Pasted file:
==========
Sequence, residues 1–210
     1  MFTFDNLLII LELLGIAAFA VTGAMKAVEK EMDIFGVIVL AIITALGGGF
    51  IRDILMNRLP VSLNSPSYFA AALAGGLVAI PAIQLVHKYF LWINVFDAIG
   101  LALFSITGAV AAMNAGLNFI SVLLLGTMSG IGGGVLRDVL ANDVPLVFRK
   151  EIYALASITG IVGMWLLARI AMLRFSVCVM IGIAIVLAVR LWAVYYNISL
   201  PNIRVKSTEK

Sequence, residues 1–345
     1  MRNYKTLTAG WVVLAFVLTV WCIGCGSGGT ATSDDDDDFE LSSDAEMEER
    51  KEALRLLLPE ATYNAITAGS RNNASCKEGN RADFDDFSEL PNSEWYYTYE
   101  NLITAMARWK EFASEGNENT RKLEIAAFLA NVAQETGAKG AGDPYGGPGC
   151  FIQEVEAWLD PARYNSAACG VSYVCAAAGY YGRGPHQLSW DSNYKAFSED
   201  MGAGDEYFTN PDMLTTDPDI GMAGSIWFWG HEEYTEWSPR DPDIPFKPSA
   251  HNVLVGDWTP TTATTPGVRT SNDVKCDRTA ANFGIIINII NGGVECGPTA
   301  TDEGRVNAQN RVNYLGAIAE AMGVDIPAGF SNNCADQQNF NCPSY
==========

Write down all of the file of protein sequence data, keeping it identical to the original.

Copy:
Sequence, residues 1–210
     1  MFTFDNLLII LELLGIAAFA VTGAMKAVEK EMDIFGVIVL AIITALGGGF
    51  IRDILMNRLP VSLNSPSYFA AALAGGLVAI PAIQLVHKYF LWINVFDAIG
   101  LALFSITGAV AAMNAGLNFI SVLLLGTMSG IGGGVLRDVL ANDVPLVFRK
   151  EIYALASITG IVGMWLLARI AMLRFSVCVM IGIAIVLAVR LWAVYYNISL
   201  PNIRVKSTEK

Sequence, residues 1–345
     1  MRNYKTLTAG WVVLAFVLTV WCIGCGSGGT ATSDDDDDFE LSSDAEMEER
    51  KEALRLLLPE ATYNAITAGS RNNASCKEGN RADFDDFSEL PNSEWYYTYE
   101  NLITAMARWK EFASEGNENT RKLEIAAFLA NVAQETGAKG AGDPYGGPGC
   151  FIQEVEAWLD PARYNSAACG VSYVCAAAGY YGRGPHQLSW DSNYKAFSED
   201  MGAGDEYFTN PDMLTTDPDI GMAGSIWFWG HEEYTEWSPR DPDIPFKPSA
   251  HNVLVGDWTP TTATTPGVRT SNDVKCDRTA ANFGIIINII NGGVECGPTA
   301  TDEGRVNAQN RVNYLGAIAE AMGVDIPAGF SNNCADQQNF NCPSY